Planted the begonias on Monday which…may have been a bit premature. The instructions talked about 10C and I was like, yeah, its totally 10C out now, no issues. But I realised after the fact that it actually said when night time temperatures are 10C which…is not now. I could probably bring the pot indoors but I feel like it might be a bit late, so I figure I’m going to just treat this as the adventure it is and see what happens.

      Found a nursery online that was selling a whole bunch of the plants that I’ve had my eye on and which I had almost talked myself out of wanting so uh. Gonna get a delivery sometime next week and thus probably need to buy a bunch of pots because I think I’m going to run out of space soon!

      Started some seeds this week as well, so more germination adventures to follow!

    8. Jam lover*

      Too early to start seeds here for the most part – our last frost is mid-May – but this year we got some alpine strawberry seeds so I’ll be starting those this weekend! Very exciting.

    9. Sandman*

      I’m not much of a seed-starter, but I’m thrilled to finally be able to walk around our yard and see the first daffodils starting to poke through where the snow has melted. I planted a bunch of snowdrop bulbs last fall and am really anxious to see if they come up – I heard the bulbs can be fussy but it’s all I could find. Crossing my fingers on that one!

    10. Sparkly Librarian*

      It’s spring here in zone 10a! Some rain early last week, and then a whole ten days of sun. My tomato starts are peeking out of their seed tray, and zucchini and beans are in the ground as of last week. Carrots are a mostly year-round thing, so I pulled a few lingering ones and changed over the soil in that container, and also planted a few more (2 5-gallon buckets and half a raised bed). The 10ish days between sowing seed and seeing sprouts are the hardest for me, especially since some of the seeds are leftover from last year and I don’t know what I’ll get.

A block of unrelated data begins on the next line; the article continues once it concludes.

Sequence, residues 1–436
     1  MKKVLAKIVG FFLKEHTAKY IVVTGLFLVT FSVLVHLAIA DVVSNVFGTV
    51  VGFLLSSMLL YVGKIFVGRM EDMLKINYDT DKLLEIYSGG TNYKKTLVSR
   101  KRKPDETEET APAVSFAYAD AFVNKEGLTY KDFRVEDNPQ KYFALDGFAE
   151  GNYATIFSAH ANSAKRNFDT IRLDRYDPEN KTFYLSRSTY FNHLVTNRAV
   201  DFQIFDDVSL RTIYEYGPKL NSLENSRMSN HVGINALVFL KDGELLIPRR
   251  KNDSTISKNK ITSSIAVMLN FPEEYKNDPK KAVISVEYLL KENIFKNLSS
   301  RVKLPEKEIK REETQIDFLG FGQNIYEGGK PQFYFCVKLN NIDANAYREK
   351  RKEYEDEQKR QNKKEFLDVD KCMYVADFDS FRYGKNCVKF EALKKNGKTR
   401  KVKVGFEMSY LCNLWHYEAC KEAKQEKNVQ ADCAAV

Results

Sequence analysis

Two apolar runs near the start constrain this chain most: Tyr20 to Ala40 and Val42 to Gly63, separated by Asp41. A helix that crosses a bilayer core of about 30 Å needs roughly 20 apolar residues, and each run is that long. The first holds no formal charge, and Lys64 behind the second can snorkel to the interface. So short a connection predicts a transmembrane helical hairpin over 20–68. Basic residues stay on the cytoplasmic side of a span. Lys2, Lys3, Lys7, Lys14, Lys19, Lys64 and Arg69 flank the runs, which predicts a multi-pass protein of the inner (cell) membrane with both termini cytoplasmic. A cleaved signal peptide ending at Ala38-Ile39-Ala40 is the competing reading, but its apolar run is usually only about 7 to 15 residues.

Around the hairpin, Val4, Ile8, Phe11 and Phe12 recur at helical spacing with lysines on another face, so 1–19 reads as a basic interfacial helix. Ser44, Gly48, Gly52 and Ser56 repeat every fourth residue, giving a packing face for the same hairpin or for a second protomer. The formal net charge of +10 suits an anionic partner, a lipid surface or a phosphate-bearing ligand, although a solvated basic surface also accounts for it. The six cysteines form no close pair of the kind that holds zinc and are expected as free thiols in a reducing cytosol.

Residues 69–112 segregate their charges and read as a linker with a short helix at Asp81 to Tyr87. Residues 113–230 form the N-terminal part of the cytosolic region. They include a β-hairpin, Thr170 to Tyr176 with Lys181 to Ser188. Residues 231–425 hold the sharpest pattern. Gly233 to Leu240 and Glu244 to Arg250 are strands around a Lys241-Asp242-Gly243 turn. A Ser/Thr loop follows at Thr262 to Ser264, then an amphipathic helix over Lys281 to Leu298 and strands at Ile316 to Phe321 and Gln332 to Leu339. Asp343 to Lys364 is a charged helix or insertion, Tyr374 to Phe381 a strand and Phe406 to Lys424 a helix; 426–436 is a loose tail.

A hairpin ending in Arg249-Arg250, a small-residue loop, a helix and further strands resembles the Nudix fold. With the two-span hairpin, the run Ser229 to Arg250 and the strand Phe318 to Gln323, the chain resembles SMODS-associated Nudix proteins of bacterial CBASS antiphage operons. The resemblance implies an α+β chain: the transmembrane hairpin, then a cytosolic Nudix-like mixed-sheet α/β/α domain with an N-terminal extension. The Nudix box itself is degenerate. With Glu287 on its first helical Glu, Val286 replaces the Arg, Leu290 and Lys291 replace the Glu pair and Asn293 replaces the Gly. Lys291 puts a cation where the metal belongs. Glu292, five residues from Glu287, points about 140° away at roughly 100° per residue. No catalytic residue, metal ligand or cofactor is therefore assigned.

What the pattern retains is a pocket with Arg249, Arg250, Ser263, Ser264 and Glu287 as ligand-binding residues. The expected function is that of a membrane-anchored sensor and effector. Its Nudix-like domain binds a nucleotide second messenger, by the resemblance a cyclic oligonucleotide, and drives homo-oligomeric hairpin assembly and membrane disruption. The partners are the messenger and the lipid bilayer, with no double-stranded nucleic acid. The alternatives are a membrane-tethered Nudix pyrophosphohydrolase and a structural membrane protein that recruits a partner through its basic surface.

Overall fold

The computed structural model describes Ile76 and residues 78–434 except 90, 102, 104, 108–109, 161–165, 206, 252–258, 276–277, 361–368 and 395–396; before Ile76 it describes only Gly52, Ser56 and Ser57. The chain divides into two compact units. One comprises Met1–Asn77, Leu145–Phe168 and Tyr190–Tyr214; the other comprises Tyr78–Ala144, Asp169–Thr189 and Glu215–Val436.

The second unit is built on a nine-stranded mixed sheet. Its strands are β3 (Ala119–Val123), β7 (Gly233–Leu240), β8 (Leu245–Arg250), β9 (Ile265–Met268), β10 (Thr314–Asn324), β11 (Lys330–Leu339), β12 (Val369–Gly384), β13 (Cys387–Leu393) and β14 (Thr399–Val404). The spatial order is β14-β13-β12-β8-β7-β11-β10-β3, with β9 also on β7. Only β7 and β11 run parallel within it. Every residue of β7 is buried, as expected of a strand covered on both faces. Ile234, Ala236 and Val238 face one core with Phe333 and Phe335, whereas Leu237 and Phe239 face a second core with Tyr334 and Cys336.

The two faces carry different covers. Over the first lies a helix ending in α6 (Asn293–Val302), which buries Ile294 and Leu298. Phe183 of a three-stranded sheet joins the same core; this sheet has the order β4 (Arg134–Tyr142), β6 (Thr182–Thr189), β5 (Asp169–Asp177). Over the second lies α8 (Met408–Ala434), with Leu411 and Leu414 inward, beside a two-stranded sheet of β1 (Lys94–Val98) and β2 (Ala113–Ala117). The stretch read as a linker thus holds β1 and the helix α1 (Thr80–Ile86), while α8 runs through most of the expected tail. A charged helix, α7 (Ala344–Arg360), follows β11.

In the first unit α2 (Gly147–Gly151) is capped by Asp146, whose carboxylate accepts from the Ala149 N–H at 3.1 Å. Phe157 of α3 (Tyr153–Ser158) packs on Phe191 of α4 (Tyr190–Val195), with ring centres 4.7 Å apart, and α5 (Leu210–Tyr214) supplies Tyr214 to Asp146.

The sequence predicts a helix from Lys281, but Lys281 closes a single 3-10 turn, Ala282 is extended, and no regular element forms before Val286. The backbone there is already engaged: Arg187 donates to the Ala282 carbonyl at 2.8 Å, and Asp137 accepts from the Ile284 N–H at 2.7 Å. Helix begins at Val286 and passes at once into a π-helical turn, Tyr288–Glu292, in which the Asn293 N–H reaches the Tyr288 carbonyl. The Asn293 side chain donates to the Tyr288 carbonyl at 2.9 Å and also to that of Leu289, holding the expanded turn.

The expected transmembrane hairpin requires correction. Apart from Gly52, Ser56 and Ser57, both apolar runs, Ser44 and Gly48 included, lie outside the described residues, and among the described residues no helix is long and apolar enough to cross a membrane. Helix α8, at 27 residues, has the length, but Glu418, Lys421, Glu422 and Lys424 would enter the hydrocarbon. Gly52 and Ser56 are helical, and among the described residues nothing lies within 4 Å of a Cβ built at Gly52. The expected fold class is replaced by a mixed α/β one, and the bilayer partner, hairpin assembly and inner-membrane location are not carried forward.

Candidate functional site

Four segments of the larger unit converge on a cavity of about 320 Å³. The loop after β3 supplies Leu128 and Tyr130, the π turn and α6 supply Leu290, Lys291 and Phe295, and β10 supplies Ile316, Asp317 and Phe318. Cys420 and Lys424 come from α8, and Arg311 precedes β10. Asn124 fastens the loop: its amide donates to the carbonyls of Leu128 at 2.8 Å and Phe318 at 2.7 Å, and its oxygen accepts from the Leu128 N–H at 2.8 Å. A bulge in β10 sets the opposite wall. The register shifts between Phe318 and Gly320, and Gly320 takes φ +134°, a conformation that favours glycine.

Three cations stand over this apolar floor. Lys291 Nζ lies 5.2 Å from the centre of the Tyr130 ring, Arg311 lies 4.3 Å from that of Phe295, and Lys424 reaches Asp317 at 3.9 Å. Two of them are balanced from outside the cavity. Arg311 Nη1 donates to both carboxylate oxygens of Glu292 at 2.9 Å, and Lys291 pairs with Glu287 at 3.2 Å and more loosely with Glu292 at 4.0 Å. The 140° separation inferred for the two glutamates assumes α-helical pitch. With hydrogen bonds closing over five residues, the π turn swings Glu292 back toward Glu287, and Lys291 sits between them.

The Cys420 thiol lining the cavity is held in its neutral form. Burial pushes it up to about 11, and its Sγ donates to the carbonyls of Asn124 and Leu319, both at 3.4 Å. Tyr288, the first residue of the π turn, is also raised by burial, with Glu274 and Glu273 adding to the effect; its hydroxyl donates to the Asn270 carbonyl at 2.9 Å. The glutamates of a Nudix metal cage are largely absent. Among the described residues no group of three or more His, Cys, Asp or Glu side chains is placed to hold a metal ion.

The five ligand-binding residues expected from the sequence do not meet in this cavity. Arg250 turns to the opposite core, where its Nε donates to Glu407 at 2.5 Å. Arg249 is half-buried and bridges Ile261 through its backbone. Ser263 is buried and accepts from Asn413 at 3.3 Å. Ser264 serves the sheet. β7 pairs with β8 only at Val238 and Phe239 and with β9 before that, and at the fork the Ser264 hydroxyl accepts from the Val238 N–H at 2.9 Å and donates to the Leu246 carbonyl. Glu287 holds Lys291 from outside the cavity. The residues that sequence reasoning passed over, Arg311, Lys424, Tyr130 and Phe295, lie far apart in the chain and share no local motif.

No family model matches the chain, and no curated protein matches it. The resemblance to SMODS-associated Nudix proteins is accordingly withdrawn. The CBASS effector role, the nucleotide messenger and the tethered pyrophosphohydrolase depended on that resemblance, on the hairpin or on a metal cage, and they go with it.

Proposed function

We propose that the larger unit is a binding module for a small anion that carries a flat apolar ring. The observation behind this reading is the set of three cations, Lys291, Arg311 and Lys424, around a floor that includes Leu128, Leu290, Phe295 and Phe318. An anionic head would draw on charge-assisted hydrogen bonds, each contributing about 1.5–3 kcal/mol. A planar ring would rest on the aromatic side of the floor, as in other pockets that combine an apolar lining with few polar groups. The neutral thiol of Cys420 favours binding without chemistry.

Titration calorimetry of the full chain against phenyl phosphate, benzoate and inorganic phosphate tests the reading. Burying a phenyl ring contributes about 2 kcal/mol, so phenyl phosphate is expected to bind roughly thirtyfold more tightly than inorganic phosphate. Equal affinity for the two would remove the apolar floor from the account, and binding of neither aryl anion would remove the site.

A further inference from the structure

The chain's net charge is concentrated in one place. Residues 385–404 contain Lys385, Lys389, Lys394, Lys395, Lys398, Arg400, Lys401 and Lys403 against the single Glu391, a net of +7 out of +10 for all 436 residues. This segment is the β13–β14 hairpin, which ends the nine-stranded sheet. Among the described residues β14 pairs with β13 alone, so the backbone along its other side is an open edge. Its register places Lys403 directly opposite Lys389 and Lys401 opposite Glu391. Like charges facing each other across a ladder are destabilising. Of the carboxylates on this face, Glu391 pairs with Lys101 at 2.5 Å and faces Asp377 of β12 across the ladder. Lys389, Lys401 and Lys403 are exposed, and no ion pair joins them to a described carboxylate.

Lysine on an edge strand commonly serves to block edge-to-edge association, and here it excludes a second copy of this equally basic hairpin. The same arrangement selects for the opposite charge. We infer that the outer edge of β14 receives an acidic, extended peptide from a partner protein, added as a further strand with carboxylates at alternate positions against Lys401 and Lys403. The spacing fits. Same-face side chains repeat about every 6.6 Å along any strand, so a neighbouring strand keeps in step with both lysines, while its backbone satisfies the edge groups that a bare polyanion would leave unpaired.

I also used a garden planner to plot out the whole year (3 growing seasons) and figure out crop rotation over the next 3. We’ll just have to see if I can keep up with it, but it feels good to have a plan. Anyone have a favorite online planner or app? Or are you strictly pen and paper?

    11. Miss Pantalones En Fuego*

      Finally warm enough that I felt like being outside the other day, so I got started on cutting things back and general weeding etc. I cut down a rambling rose that I didn’t like much and some other things that have started getting too big. I have a lot more to tackle and I haven’t even figured out when to start any seeds so I’m going to have to think about that soon. There is a spot where I want to put a raised bed but so far I haven’t found one to buy that is the right size and I think building one will be more expensive than it’s worth unless I happen to find an old pallet somewhere.

    12. Seeking Second Childhood*

      Outside is still fully snowy, but inside we’re starting to fight the insect wars. I’m do looking forward to spring!

  21. Please Exit Through The Rear Door*

    I’m likely going to be trading in a car for the first time in my life pretty soon. What are the norms if the car you’re trading in needs a fair amount of work? Do you have to fix issues to get any value at all from the dealer? My car is 14 years old and has: a sizable dent at the rear corner, paint damage from being keyed, a missing rear wiper, broken power door locks, and a check engine light on. It’s otherwise mechanically sound and has lower than average mileage for a car of that age (about 88,000 miles), but I’d imagine fixing all those things would cost me nearly what the car is worth. Any thoughts?